Although an easily recognised name, the life of Handel is largely unacknowledged and his existence is identified through his music. His name is also remembered in the liturgical calendar of the Episcopal Church with a feast day on 28th July, which he shares with Johann Sebastian Bach and Henry Purcell (1659-95).

Amongst his contemporaries and later musicians, Handel was regarded with high esteem, particularly by Bach and Mozart (1756-91), the latter who was born in the final years of Handel’s life. Another composer that lived after Handel’s time who considered him the greatest composer who ever lived was Ludwig van Beethoven (1770-1827). Calling him “the master of us all,” Beethoven exclaimed, “Go to him to learn how to achieve great effects, by such simple means.”

The man may no longer be important in contemporary society, however, Handel’s music will never go out of fashion. His compositions continue to be performed yearly for a variety of events, for instance, the BBC Proms, Good Friday services, Christmas concerts, Royal celebrations and so on.

Whether by attending an opera, a concert or hearing background music on a television advert, Handel will continue to infiltrate the lives of Londoners and the rest of the western world. Nonetheless, it is always worth discovering more about the people who have impacted lives through music or any other means; you are bound to find out something interesting.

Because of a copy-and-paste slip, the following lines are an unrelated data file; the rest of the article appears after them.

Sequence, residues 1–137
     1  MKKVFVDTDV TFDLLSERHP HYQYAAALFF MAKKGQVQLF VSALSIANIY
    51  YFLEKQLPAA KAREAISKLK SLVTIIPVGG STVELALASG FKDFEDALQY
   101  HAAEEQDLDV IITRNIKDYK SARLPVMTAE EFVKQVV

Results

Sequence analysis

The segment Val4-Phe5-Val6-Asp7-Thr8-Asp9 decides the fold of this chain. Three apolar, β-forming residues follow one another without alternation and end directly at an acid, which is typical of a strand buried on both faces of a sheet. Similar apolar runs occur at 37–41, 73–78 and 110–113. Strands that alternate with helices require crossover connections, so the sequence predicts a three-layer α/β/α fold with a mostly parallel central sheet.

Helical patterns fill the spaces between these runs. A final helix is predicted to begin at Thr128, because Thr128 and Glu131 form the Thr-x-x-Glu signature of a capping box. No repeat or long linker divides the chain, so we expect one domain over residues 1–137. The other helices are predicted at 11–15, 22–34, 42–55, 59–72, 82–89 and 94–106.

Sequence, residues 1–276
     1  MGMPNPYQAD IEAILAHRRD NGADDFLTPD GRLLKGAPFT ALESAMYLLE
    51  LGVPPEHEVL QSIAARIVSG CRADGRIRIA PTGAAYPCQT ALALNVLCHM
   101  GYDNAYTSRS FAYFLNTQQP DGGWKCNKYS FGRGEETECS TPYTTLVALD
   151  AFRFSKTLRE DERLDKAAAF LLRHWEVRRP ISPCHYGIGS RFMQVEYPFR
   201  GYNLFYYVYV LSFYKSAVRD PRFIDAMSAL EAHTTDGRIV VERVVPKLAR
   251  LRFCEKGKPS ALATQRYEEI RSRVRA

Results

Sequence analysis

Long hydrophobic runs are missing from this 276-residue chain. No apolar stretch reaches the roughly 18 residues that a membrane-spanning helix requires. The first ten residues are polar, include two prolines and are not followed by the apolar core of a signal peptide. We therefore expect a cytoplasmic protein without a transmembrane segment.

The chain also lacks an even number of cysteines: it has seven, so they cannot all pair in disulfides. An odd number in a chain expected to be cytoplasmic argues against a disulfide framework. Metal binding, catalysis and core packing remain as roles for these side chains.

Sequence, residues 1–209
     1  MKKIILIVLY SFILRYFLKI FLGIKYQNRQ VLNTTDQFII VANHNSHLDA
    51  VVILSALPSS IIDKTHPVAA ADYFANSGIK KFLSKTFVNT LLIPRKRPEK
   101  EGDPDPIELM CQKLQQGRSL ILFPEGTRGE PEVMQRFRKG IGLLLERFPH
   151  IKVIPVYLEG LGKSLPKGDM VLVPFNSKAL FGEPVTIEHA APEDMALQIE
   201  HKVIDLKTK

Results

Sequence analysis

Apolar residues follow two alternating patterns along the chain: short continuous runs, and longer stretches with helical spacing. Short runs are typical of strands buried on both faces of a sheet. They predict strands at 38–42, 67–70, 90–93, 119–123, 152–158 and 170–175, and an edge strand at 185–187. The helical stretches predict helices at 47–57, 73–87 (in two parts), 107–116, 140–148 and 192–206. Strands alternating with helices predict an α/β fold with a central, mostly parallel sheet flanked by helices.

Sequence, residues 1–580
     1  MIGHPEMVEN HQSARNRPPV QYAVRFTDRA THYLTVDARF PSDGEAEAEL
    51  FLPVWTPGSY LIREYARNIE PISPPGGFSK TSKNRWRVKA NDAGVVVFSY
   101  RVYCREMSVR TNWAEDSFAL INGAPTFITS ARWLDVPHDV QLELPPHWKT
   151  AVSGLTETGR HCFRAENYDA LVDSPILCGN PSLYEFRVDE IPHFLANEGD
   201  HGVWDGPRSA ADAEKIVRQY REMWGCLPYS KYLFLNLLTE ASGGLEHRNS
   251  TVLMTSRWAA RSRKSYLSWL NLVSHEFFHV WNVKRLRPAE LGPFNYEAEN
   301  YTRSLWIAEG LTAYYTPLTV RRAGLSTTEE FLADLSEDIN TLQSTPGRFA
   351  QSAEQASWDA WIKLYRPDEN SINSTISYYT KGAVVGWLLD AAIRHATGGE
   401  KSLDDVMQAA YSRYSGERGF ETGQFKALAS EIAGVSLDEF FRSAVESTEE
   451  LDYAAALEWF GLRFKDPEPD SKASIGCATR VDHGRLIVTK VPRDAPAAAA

“He died as he lived—a good Christian, with a true sense of his duty to God and to man, and in perfect charity with all the world.”

Faith at the Heart of the Nation

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© 2017 THE DEAN AND CHAPTER OF WESTMINSTER

It is virtually impossible to find a building more steeped in British history than the spectacular structure of Westminster Abbey. Although sections of the present building date from the 1200s, its history dates even further back. Registered as a UNESCO World Heritage Site, the Abbey has been in constant use and importance in the life of past and present royal families. Still used for church services today, Westminster Abbey welcomes visitors to tour the sacred building and marvel at the architecture and the many wonders hidden inside.

There is a discrepancy about the origins of the first church built on this site, however, historical evidence has been confirmed for the years subsequent to the death of Edward the Confessor at the very beginning of 1066. Children are taught at an early age about the Battle of Hastings that followed the death of this holy king, but little to no emphasis is put on the use of Westminster Abbey at that time, nor in the lives of future monarchs.